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Wednesday, April 27, 2005

American English as she is spoke

Mike Houser's fine CasdraBlog links to an intriguing test of the American English I speak.

Altho' my English accent has, if anything, got even plummier since moving to the US, I never stop absorbing and adopting new vocabulary that takes my fancy or just plain gets the job done, so I was keen to see how well I've adapted.

Before going into my score, two questions stumped me:

The act of covering a house or area in front of a house with toilet paper is called ...

Say WHUUTT? (to borrow from my host country's vernacular). The act of what?

I have never even heard of such a jape. Seriously? Someone swathing a house in bog bumpf?

And there's an actual VERB for it? I see. Well, and is there also a verb for smearing my enemy's satchel with chunky peanut butter mixed with Hershey's genuine chocolate flavor syrup? Or the act of draping spaghetti around the spokes of my ex-wife's mountain bike?

I'm also asked What do I call "an easy class", the possible answers being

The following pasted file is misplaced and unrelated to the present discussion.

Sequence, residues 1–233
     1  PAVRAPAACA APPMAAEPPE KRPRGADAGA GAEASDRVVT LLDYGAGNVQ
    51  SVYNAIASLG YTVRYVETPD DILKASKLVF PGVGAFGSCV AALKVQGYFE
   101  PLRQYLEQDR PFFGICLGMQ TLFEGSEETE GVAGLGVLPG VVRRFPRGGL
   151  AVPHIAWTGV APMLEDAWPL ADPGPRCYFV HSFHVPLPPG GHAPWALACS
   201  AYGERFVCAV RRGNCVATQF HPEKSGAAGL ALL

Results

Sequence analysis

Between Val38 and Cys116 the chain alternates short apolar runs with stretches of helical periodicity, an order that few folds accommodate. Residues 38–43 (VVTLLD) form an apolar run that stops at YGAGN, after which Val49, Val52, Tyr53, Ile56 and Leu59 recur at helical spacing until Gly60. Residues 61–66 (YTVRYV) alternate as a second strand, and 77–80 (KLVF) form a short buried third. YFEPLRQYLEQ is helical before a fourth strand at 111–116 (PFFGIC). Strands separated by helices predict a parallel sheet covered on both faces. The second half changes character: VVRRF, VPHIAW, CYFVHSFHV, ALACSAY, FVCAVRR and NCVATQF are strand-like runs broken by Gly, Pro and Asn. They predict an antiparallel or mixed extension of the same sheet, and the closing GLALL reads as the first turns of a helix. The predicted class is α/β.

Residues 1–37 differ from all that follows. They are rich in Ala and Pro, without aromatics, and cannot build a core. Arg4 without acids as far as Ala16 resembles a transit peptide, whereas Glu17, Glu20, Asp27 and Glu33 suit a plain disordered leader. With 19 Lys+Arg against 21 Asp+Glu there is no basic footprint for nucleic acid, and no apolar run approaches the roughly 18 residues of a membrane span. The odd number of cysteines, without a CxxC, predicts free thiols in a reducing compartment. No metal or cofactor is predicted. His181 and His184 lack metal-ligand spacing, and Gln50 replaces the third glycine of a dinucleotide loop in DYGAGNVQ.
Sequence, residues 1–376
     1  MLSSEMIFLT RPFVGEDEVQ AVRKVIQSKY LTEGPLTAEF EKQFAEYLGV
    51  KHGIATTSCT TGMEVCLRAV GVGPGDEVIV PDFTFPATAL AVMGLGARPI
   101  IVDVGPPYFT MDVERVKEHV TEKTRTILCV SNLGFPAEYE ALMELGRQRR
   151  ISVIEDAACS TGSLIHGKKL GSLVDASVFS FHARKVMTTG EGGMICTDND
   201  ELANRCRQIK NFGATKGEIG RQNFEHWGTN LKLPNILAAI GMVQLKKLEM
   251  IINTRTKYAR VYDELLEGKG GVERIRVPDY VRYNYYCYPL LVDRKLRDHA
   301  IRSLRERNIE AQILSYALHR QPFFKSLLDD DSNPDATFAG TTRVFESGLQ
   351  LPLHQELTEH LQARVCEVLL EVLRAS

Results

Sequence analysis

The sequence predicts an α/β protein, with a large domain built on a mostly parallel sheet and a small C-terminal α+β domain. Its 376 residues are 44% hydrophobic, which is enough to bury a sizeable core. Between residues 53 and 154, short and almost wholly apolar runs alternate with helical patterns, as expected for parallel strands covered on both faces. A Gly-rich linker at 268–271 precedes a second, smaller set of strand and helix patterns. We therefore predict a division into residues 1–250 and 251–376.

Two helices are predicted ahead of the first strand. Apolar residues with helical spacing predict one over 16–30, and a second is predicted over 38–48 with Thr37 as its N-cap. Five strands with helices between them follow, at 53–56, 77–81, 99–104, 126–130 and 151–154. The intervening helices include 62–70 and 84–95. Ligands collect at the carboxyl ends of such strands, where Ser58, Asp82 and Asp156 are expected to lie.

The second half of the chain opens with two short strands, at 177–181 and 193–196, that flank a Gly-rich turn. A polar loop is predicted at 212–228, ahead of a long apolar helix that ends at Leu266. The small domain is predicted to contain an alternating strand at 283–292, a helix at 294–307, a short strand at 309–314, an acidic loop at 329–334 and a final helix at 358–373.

• A crip course
  • A gut
  • A blow off (which sounds terribly rude)
Well, I'm not sure what I call an 'easy class' - I'm not even sure what's *meant* by an easy class? A lesson in which one understood everything? In which the professor asked no nasty questions?

I dunno - A breeze? A cinch? A doddle? A push-over?

Now, the moment you've all being waiting for: My Linguistic Profile:

  • 50% General American English
  • 25% Yankee
  • 20% Dixie
  • 5% Upper Midwestern
  • 0% Midwestern (phew, right?)
I love the Dixie rating. I might even email my score to Karen-Jo in case it'll lure her back from her folks' spread in Ralegh. Or her brother who so rudely described us as sounding like Jeeves making out with Miss NASCAR. Hrrmmph.

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